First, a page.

Beginning this (2017) hurricane season, the National Hurricane Center and the National Weather Service will make some changes to the graphics we see, and offer some new ones.
Here's a rundown of what to expect.
The graphic most people look at is the advisory that shows the map, the current storm stats, the forecast cone, and watches and warnings.
The first thing you'll notice about the new graphic is its overall clean and modern look. Softening the colors and changing the fonts improve overall readability. All the the maps will consistently have this look.
Added to the advisory graphic will be the extent of tropical storm and hurricane force winds currently around the hurricane. The size of the error cone shrinks once again, due to the accuracy improving over the years. The NHC is also going to make the graphic interactive, where you can toggle off and on any of the elements.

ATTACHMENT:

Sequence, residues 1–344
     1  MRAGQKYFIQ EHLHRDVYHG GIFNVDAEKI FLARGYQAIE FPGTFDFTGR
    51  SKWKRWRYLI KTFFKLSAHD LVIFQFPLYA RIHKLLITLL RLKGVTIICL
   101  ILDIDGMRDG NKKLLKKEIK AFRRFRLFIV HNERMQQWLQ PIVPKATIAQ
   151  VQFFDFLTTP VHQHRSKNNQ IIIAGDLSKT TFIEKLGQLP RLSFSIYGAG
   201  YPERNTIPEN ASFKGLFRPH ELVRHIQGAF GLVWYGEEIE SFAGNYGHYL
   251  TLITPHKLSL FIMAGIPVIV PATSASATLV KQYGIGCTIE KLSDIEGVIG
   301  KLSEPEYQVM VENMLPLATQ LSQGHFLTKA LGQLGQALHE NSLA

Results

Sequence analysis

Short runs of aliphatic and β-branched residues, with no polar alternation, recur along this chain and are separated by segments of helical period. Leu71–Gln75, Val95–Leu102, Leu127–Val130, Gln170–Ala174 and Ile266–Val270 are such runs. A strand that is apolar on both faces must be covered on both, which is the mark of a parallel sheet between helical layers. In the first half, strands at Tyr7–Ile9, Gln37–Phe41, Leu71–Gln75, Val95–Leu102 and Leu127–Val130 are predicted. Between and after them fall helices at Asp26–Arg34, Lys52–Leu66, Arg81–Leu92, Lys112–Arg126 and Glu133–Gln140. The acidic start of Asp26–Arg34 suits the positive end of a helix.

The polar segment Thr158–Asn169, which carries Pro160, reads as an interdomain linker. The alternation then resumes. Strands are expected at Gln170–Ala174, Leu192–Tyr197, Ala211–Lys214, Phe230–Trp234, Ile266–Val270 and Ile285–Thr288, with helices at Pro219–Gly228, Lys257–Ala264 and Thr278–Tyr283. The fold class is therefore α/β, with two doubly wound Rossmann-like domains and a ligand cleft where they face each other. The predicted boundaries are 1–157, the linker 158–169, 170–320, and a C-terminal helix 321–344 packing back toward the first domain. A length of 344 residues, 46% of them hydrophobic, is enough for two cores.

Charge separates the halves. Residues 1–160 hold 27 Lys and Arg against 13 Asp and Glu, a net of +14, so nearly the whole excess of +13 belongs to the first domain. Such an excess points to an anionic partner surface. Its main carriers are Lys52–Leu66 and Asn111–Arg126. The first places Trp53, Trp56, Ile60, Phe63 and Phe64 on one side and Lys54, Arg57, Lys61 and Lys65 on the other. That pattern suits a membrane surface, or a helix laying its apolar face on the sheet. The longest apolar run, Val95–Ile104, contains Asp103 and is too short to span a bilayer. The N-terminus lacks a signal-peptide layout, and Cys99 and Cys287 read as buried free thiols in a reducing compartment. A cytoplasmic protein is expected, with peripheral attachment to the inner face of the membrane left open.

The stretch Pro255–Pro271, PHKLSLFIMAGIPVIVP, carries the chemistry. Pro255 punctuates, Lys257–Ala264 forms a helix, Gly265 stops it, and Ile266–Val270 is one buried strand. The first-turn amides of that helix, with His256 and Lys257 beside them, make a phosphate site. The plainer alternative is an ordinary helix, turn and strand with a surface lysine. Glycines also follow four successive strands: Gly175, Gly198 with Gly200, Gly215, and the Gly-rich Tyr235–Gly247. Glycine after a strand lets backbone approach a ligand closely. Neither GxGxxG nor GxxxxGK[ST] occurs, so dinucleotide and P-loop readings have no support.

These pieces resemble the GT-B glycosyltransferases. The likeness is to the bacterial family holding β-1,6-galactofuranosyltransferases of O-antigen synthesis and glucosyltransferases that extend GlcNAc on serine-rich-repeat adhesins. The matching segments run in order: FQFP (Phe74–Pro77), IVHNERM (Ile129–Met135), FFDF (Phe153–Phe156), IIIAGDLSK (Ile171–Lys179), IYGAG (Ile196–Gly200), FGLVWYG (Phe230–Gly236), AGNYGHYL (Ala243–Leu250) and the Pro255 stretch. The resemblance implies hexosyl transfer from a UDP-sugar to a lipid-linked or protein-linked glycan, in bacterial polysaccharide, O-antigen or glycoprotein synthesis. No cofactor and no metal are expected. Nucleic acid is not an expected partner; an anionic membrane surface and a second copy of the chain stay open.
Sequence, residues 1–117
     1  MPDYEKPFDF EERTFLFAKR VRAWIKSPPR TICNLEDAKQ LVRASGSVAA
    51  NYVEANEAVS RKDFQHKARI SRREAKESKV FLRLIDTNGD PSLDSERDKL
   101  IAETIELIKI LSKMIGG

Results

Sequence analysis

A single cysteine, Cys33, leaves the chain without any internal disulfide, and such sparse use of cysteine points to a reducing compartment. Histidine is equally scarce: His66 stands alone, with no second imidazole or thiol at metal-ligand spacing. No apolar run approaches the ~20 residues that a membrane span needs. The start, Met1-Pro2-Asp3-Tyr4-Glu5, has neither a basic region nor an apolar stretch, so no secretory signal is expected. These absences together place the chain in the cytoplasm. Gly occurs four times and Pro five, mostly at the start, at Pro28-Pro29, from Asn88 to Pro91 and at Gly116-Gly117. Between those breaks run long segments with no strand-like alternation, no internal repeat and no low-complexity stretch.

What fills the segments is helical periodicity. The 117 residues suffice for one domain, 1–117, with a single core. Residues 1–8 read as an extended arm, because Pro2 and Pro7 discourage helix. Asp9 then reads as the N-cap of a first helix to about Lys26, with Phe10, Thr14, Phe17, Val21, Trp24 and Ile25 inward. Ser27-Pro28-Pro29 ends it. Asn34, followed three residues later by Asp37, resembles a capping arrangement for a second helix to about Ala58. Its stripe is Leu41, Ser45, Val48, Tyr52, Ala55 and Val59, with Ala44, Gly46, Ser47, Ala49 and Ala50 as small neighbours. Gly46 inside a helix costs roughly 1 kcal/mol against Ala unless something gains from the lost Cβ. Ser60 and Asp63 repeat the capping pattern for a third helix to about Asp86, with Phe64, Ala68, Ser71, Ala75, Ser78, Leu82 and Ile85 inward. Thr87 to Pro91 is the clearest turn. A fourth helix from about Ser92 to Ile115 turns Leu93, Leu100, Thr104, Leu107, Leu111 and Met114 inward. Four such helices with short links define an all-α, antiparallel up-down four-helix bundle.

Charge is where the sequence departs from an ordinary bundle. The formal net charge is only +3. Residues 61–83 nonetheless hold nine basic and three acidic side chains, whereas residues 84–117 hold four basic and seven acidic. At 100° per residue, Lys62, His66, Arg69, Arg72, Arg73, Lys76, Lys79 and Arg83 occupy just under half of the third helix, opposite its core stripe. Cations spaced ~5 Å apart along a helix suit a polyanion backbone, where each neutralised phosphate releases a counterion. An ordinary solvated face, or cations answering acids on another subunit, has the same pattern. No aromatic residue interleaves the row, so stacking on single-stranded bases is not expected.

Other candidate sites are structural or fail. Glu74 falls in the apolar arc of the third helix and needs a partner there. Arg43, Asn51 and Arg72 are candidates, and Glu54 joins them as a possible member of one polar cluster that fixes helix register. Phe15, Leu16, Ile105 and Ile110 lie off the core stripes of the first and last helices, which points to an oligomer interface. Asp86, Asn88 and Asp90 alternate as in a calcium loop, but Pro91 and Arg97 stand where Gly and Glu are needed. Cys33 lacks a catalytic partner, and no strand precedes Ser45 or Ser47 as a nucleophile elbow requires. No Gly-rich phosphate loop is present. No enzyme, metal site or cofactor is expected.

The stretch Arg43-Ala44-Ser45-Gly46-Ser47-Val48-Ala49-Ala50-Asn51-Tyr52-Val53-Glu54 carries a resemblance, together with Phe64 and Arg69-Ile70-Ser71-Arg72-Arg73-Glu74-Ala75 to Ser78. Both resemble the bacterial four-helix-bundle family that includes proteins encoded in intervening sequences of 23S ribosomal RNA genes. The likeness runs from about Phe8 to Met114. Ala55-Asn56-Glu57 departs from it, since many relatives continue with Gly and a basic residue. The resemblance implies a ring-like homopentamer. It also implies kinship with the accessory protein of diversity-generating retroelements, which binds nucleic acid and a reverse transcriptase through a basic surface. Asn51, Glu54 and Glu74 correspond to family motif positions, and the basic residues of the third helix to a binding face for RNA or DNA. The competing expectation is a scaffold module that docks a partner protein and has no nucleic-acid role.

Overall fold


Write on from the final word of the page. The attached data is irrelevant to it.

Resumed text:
Another important change will be to the wind speed probability graphic. Added to that will be arrival times of tropical storm or hurricane force winds.
The storm surge watch/warning graphic that was in it's test phase last year will become operational.
A controversial decision to issue watches/warnings and advisories for "potential" storms will be in a testing phase this year. That means even if a storm hasn't formed, there could be a watch or warning put up if it's close to land and expected to intensify quickly.
For the entire list of changes and new products this year, check out the 2017 NHC Products and Services